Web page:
CRUSH Walls won’t happen this year after sexual assault and bullying allegations against the festival’s founder surfaced last fall

Robin Munro said that a 2022 festival was still in the works.

A mural alley in RiNo. Five Points, Aug. 29, 2018. (Kevin J. Beaty/Denverite)

A mural alley in RiNo. Five Points, Aug. 29, 2018. (Kevin J. Beaty/Denverite)

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Denver’s largest street art festival will not return in 2021.

In an announcement posted to CRUSH’s Instagram account, the festival’s founder, Robin Munro, said that he is taking a year to focus on his family and career and to work on plans for the 2022 festival.

“After careful consideration I’ve decided to take the year off and focus on my family, my two year old son, and my own personal art practices,” Munro wrote. “This will also provide me time to refocus on the fundamental elements and future of CRUSH. I would like to return in 2022 bigger and better.”

An announcement from the CRUSH Walls founder on May 27, 2021.

An announcement from the CRUSH Walls founder on May 27, 2021.

CRUSH is Colorado’s largest street art festival, and one of the largest in the country. For over a decade, it’s helped to boost the careers of local muralists and bring in talent from all over the world. In years past, CRUSH has taken over several blocks of the area around RiNo and Five Points.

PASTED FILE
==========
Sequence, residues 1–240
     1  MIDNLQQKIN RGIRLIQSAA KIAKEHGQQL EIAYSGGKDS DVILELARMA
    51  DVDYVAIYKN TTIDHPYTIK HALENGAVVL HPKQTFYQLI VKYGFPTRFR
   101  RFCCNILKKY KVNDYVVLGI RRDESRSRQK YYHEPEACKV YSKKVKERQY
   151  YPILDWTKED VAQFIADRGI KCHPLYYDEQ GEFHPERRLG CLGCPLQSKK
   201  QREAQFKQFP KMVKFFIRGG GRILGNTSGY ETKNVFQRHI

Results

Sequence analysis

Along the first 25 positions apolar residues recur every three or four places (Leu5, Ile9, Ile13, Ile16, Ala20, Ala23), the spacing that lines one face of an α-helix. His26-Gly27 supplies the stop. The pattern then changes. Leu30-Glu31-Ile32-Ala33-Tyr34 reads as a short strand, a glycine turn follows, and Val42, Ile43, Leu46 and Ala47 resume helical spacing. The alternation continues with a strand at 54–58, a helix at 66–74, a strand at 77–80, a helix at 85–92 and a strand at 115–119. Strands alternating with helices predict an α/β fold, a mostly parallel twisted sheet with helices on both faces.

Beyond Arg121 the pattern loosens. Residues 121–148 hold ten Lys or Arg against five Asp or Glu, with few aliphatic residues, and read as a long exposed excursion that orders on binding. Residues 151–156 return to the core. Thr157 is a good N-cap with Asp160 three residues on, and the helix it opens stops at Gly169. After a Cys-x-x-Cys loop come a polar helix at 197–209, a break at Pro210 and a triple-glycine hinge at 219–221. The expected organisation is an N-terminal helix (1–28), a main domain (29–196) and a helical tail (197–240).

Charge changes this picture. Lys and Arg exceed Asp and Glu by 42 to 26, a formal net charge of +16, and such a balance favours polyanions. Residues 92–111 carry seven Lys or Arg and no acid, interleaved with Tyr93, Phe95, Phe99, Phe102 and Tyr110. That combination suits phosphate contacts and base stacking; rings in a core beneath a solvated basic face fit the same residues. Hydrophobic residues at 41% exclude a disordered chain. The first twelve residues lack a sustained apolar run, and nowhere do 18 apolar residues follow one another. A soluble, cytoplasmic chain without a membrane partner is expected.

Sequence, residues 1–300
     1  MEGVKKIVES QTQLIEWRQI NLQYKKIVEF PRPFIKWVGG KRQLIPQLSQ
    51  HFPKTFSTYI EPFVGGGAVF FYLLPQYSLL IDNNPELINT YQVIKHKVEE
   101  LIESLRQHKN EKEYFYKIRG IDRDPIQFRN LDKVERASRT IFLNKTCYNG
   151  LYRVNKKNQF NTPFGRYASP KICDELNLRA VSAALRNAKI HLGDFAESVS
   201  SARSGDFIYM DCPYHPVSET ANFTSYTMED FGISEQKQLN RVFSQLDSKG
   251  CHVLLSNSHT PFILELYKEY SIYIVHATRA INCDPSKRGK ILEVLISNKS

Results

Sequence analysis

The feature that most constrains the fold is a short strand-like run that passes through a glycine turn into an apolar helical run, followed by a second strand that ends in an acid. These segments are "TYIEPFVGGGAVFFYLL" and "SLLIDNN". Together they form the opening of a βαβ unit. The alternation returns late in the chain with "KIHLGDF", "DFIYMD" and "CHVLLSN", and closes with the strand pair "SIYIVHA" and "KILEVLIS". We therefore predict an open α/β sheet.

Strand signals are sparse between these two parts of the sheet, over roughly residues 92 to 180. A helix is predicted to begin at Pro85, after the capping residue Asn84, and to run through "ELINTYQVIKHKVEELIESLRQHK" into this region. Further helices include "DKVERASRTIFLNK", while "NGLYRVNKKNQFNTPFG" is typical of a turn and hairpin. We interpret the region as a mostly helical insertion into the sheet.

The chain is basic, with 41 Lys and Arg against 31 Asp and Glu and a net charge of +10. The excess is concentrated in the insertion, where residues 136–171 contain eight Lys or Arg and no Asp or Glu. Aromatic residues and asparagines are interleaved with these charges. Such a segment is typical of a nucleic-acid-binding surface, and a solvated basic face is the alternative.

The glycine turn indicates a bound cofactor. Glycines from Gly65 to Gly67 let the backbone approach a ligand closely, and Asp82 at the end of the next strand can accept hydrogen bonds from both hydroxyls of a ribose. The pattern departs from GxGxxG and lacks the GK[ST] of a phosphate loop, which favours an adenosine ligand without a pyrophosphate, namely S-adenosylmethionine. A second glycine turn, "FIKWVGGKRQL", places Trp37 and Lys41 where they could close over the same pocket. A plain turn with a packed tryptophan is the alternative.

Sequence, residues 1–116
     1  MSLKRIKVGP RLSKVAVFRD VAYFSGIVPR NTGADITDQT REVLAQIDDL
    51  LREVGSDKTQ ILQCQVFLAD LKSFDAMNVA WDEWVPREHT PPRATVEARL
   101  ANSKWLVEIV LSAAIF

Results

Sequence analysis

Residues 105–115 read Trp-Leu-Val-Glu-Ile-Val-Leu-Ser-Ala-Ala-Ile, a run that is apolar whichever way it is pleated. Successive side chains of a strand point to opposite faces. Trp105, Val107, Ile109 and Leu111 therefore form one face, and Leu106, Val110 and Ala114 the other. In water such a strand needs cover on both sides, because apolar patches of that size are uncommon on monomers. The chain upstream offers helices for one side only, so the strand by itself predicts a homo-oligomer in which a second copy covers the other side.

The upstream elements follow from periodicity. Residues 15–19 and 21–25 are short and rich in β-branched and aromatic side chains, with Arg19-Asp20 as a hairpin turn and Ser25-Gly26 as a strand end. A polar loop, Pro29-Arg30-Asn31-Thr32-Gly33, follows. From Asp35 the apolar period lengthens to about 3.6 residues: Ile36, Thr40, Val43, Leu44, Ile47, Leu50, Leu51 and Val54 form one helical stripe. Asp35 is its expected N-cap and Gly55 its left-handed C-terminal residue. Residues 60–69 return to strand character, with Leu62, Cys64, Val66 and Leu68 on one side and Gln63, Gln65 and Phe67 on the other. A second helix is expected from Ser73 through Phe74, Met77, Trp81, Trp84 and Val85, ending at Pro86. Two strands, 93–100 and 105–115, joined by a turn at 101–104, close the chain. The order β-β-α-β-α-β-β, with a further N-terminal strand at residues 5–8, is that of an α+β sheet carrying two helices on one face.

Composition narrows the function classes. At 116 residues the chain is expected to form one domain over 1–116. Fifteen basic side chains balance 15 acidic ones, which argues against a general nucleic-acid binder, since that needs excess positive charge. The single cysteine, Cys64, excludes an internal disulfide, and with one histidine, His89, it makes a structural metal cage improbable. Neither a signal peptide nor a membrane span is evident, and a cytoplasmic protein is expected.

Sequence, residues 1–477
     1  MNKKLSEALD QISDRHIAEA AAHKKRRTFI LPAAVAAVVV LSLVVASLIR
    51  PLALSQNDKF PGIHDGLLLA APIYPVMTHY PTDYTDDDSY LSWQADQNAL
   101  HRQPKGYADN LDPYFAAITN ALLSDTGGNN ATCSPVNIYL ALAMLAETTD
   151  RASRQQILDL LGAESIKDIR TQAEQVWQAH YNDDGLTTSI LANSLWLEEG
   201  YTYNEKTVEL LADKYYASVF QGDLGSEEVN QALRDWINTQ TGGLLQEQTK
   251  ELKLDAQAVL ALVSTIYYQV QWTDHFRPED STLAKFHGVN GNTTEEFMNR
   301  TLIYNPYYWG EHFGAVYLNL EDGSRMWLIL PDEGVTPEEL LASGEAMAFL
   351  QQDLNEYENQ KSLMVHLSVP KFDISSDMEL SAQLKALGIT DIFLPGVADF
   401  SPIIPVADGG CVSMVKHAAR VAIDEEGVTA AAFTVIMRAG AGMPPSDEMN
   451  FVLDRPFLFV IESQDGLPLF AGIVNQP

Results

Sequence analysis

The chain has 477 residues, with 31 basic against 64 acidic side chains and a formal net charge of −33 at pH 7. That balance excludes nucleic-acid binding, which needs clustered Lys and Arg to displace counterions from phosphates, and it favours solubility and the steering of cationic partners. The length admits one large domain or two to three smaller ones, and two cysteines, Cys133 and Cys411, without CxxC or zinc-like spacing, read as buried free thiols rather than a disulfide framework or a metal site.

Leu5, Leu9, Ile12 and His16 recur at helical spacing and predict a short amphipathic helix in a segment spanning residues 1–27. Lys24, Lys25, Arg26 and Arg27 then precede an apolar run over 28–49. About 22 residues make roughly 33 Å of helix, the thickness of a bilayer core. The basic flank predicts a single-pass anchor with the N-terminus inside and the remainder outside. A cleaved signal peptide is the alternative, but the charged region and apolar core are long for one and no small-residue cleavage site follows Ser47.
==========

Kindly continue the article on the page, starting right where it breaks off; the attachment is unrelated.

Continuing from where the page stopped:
The announcement comes after a turbulent year for the festival. Last September, several women and artists came forward with sexual assault and bullying allegations against Munro. In December, RiNo Art District announced that it would part ways with him, leaving the festival in Munro’s control. The festival has also faced criticism for its lack of diversity and for its role in contributing to gentrification in Five Points. You can read more about the allegations in our investigation, which dropped in February.

Munro said he plans to expand the festival into a citywide event.

“I hold exclusive rights to hold this festival in the district till 2023. But it was never my intention to keep this confined to one space,” he wrote. “I would love to see this grow city wide and beyond, and now I’m free to do so. I’ve had several inquires about other location and am working towards some new areas and partnerships.”

 

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